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Saturday, October 2, 2010

Art and Communication

Painting, dance, music, etc...are forms of communication that are not verbal. Artists are attempting to communicate via means besides the spoken word. Anyone who comes to art as a deconstructionist ("it means whatever the viewer/listener wants it to mean") destroys the communicable genius of the product and cheapens the communication ability of the artist. If one was to approach the spoken word (another form of communication) as a deconstructionist ("I can interpret what you say however I want"- "it means whatever the listener wants it to mean") you and I would not be able to communicate effectively with one another (what's in my mind would not effectively or accurately be transmitted to your mind).

Since we do not approach the spoken word form of communication as deconstructionists, why would we approach other forms of communication as deconstructionists? I propose that this is tied to emotions (funny how they keep showing up to screw us around- read my Psychology Class Series). We have prior commitments to what we want the artist to say, so our emotions guide us to interpret it in that way. If the communication is communicating what we want, we allow ourselves to interpret it as the communicator (or artist) intends; however, if it is not communicating what we want, we force ourselves to interpret it as we intend. When deconstruction is applied to the spoken word, it is an advanced, but subtle and common foundation of a "strawman" in argumentation. Setting up a "strawman" is the most academically dishonest and insulting way to interpret (thus guiding our response) with regard to the spoken word form of communication. Why would we allow ourselves to do the same to art and its creators?

Whether we realize it or not, our art communicates. Art therapy in Psychology demonstrates that we communicate without knowing. The fact that music can stir the same emotions in other people as the composer intended when he/she was composing demonstrates that music effectively communicates (ever watched a movie with a powerful musical score, or played a video game with music that reflected the situation?).

All forms of art trigger the emotions, to help the viewer/listener to connect on a personal level with the artist. If we wish to connect authentically with the artist, we cannot relativize the meaning of the piece.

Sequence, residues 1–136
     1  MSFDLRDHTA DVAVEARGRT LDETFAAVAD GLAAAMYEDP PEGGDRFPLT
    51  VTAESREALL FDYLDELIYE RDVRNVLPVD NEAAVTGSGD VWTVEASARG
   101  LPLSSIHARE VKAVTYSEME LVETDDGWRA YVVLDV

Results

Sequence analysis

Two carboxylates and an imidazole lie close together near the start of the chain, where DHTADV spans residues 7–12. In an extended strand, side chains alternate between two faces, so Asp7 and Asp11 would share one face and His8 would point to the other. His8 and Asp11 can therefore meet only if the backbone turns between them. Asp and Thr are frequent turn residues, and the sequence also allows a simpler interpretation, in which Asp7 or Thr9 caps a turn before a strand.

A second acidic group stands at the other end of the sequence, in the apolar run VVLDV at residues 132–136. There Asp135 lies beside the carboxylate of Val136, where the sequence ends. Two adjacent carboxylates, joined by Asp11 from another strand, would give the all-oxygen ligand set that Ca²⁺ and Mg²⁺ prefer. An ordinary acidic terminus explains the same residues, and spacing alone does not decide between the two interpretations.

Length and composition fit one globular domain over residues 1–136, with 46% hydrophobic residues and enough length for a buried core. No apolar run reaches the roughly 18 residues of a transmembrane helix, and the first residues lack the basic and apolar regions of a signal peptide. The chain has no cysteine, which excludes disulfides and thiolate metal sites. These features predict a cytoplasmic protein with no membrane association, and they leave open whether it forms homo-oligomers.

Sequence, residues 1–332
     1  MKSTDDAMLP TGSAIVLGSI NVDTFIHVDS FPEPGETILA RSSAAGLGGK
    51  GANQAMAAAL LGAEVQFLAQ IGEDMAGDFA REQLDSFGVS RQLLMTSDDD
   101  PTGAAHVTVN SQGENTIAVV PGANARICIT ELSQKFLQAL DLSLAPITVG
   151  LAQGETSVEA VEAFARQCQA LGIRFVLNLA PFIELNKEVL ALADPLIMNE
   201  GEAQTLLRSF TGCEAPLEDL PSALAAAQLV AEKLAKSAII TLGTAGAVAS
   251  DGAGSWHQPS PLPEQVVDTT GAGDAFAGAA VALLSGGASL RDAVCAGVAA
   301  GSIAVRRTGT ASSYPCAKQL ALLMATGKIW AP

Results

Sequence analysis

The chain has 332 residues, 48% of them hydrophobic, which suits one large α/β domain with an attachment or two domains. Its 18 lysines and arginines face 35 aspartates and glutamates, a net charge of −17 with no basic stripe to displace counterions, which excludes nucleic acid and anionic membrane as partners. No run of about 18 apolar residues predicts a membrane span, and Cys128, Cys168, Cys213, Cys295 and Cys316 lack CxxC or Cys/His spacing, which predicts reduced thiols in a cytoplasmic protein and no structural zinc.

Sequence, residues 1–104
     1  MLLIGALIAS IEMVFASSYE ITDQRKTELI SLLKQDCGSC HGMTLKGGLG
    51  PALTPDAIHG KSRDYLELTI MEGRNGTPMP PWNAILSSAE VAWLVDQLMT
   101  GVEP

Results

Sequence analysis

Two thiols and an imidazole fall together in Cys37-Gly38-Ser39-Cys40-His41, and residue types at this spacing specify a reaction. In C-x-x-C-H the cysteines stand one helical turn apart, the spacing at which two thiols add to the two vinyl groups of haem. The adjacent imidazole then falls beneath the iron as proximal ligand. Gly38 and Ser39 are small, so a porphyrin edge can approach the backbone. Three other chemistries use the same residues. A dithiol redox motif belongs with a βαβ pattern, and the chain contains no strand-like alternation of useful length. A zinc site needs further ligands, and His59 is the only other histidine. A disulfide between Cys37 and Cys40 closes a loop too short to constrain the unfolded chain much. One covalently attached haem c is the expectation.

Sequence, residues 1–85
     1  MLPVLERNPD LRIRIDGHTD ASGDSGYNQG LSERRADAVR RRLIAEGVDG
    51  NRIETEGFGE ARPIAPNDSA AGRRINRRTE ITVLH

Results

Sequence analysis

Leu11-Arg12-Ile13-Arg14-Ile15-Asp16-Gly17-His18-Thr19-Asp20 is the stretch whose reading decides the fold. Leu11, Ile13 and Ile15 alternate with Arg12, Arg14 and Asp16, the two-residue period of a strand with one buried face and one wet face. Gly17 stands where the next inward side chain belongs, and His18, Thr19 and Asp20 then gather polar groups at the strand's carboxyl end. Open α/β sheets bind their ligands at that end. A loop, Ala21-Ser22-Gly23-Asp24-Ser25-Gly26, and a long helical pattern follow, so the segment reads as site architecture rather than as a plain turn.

The ability to create and interpret art are part of the Image of God that is found in all humans. The Christian God appreciates beauty and longs to connect with man on a personal level. The fact that man creates, interprets, and personally connects via the arts is powerful evidence for such a Creator. The Creator, Himself, is responsible for creating some of the most beautiful art we can behold. We marvel at the cosmic scenes captured by interstellar telescopes. We gaze in wonder at sunsets. We close our eyes and take in the sounds of the rain forest. We enjoy the scents of flowers and the tastes of plants. Many scientists see beauty in the equations of the laws of physics and the complexity of the living cell. We know that art exists all around us, we even attempt to replicate it in our own art. Yet many of us are unwilling to acknowledge the existence of the Artist, and if we don't recognize the existence of the Artist, how can we enjoy the personal and emotional connection the Artist is attempting to make with us?

As a Christian, I can look at nature and recognize more about the nature of the Creator. The awe and wonder I feel when I experience the creation compels me to thank someone. My God is a personal God who can accept and understand my gratitude. Knowing that God created the universe and everything within it, allows me to enjoy and show humble appreciation for it in ways those outside the Christian worldview do not have the ability to.

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